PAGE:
While Number 6 seems to be the most important prisoner — in several episodes, Number 2 is heard telling the underling doctor (or whoever) to back off, because they can't risk anything going wrong with Number 6 — there appears to be no hierarchy implicit in the numbering of people. Number 31 doesn't seem to be any more or less significant than Number 223. However, there is never an appearance by Numbers 3, 4, or 5. Nor by Number 1. Number 2 is in control of The Village, and Number 1 is implied to be the ultimate boss (back in the real world). Several episodes into the series, Number 2 starts occasionally to talk on a big red telephone to someone clearly in authority over him but who is never identified.

Often seen is a science fiction-y (from a 1960s viewpoint) hi tech view of the means by which The Village is controlled. In the Control Room, staffed by people doing the bidding of Number 2, is The Supervisor, the chief of the actual surveillance and action teams. At his disposal are input from cameras and microphones all over, radar, and whatever doohickey is required that week. In the middle of the Control Room is a seesaw holding at each end a technician facing outward and peering into a small video screen, while the seesaw slowly rotates about its center. These people never speak or give any information during the whole series.

McGoohan is said to hold the opinion that man has gone too far too fast with his technology, and to advocate a slowdown or even retrenchment in "progress". Some say this is why the symbol of the series is a penny farthing bicycle; pictures of them are often seen in the background (for example, on the label of the food cans in the market (all of which are the same brand, Village Foods)), and it appears on the ID badges that everyone wears. There is one standing in the back of Number 2's office, but curiously, only once is anybody seen riding one, and he's only on screen for a second or two.

Wondering how it all turns out? Well, Fall Out, the seventeenth episode, vf ernyyl fvyyl naq cnegvphyneyl jrveq, ohg qbrf frrz gb raq hc jvgu Ahzore 6 rfpncvat — sbe erny. Jvyy ur erznva serr?

Be Seeing You :)

"I wish to appeal on grounds of unfair treatment."
"Nonsense, you are being treated like all the others."
"Yes! That is why I wish to appeal - unfair treatment!"


One of the first "cult" television shows, "The Prisoner" was a short-lived series that used elements from spy shows and science fiction to explore ideas about individuality and society. The show followed the efforts of a nameless secret agent, known only as Number Six, to escape the physical and psychological bonds of a mysterious "retirement village" for spies. When not actually trying to escape, Number Six was kept busy fighting the Village's wide range of schemes to control him. Numerous techniques were used to get inside the Prisoner's head and turn him into a productive citizen of the Village. Drugs, computers, psychoanalysis, the modern educational system, and other contemporary issues were all explored in the course of 17 episodes.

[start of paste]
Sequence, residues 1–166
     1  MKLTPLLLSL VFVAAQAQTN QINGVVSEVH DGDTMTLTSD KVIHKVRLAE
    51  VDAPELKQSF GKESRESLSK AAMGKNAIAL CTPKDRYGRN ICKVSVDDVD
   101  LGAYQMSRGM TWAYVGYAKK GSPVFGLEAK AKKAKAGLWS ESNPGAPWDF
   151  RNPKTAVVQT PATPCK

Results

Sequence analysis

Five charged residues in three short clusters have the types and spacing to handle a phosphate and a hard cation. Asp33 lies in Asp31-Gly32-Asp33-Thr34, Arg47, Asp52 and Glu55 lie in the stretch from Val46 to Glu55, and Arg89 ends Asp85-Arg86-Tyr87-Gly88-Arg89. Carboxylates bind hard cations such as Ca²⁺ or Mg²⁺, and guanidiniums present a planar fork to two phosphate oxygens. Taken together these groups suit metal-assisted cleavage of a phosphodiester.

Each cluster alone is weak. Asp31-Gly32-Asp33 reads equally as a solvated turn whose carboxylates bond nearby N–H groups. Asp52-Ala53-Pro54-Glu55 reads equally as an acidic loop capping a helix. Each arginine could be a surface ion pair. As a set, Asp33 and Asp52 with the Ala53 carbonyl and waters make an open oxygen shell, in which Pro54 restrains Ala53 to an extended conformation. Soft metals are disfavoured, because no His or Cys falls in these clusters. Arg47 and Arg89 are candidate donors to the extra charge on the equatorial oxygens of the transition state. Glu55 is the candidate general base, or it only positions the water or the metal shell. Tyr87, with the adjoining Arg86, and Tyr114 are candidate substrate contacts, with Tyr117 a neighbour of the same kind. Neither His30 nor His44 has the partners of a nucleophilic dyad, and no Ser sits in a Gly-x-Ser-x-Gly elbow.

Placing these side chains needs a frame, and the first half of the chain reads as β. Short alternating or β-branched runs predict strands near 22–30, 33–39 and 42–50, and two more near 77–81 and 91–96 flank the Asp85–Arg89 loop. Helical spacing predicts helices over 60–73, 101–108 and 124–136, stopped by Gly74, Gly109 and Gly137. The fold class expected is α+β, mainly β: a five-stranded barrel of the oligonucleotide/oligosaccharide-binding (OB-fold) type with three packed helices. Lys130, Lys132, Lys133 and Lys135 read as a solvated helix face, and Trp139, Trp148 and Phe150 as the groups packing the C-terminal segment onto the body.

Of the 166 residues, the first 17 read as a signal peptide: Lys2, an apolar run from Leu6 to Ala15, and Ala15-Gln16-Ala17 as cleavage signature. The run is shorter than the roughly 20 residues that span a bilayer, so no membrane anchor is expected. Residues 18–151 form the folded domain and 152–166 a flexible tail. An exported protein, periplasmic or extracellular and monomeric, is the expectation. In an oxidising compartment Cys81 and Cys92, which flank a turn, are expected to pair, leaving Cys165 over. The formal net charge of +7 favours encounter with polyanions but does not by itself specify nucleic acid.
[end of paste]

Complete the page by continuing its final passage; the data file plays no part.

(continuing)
The Prisoner was created and largely controlled by actor Patrick McGoohan of "Danger Man" (or "Secret Agent", depending on which side of the pond you are on), and Number Six was played by him. This has led many people to assume that McGoohan controlled everything about the show. In fact, McGoohan was given an unprecedented degree of control over the show, having invented the central concept and written treatments for seven of the show's seventeen episodes. He actually scripted several episodes and directed two of them under pseudonyms. However, when attempting to unravel the various mysteries surrounding the plot and the supposed hidden meanings of the show, it is important to keep in mind that no televison production is a one-man creation. McGoohan did not control every detail of the series. The series producer, script writers, directors, set designers and other members of the crew made important contributions, many of which have become major enigmas for fans of the series.

Case in point - "Rover", the bizarre giant ball that tracks down and apprehends escapees from the Village. This creature, or device, looks like a big white weather balloon, and many casual viewers have wondered just what the hell McGoohan had in mind when he created Rover. The fact is that Rover was never meant to be a weather balloon. The original concept was a high-tech sort of hovercraft thing with a police bubble on top - a prop which cost a fair amount of money and required a contortionist to drive it. This Rover sank disappointingly during filming of one of the first episodes, and an enterprising (and probably quite stoned) crew member came up with the suggestion "Well, what if we used this weather balloon thingy instead?" It was ludicrous, and on most productions it would have resulted in somebody getting sacked. Instead, it became one of the central icons of this most iconic of shows.

Strange, unexplained elements like Rover kept popping up in the show, and every episode - including the finale - left viewers with more questions than it answered. According to McGoohan, this was exactly what he had wanted, but every member of the original crew has different opinions. Since McGoohan, probably the most reliable source of information on the Prisoner, rarely grants interviews and is usually unwilling to directly answer questions about the show, we will never know for sure.